Syria appointed Issam Hazima as governor of its central bank on Tuesday, state media said, a week after his predecessor was sacked following criticism of his handling of a currency crisis that has seen the Syrian pound fall to record lows.
Hazima, who had been one of two deputies of former governor Hazem Karfoul, is a French-educated professor and a member of Syria’s securities commission.
The pound briefly hit 4,700 per dollar last month, its lowest ever level, before strict capital controls and a crackdown on exchange dealers helped stabilize it. Millions of dollars allegedly used in black market speculation were confiscated.
Syria has also imposed tighter controls on bank withdrawals and internal transfers and restrictions on movement of cash around the country.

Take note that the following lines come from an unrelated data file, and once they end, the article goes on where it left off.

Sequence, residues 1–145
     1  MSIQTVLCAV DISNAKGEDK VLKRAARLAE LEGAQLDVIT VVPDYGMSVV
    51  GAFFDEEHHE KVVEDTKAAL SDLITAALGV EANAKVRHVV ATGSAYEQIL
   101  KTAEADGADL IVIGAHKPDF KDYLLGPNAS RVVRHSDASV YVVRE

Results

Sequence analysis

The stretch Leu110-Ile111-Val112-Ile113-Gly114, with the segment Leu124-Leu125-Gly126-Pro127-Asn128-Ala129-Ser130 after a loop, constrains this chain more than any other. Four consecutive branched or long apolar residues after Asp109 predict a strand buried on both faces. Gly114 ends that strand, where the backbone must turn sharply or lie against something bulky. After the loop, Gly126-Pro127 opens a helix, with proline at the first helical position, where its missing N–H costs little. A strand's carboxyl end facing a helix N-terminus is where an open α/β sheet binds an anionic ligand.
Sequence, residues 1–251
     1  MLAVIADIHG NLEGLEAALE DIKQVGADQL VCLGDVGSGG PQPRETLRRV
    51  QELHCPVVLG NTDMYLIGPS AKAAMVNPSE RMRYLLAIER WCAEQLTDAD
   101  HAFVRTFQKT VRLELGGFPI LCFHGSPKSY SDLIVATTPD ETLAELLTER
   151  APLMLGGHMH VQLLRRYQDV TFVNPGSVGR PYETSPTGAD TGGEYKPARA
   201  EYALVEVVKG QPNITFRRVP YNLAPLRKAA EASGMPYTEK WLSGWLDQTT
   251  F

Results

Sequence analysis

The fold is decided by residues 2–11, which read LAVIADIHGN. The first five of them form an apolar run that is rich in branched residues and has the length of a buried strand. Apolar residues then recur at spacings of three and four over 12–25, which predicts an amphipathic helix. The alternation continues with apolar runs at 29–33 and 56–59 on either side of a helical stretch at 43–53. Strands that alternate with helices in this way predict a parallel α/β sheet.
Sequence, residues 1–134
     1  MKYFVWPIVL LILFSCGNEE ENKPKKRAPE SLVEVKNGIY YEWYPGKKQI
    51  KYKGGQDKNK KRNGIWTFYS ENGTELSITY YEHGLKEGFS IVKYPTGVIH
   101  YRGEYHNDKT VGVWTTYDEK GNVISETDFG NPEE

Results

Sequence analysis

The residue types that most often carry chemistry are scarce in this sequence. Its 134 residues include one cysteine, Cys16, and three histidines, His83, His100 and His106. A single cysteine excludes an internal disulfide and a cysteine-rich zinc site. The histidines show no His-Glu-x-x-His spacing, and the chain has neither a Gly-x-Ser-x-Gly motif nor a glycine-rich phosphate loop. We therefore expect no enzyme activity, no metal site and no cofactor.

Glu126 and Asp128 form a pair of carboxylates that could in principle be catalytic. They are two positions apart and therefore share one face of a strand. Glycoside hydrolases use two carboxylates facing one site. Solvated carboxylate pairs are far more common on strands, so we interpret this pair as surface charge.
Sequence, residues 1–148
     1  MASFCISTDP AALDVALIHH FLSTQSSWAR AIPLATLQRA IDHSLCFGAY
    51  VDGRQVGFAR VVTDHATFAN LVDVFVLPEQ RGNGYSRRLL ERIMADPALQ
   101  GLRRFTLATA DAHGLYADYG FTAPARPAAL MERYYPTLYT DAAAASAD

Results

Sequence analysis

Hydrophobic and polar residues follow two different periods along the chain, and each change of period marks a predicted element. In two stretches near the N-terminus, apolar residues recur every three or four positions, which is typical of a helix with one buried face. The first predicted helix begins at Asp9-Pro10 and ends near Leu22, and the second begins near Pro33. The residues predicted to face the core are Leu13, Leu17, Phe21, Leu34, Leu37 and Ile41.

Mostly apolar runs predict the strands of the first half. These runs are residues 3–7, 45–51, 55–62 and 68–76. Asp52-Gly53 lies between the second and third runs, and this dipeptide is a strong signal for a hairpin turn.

The local currency has strengthened in recent days, however, after Syria raised its official exchange rate on Thursday to 2,512 to the dollar from 1,256, bringing it closer to informal market rates, and eased some of Karfoul’s policies.
Complaints by banks and businessmen over central bank actions that had choked liquidity within banks and pushed depositors to hoard cash at home contributed to the abrupt sacking of Karfoul, bankers said.
The collapse of the pound has driven up inflation and aggravated hardship as Syrians struggle to buy food, power and other basics.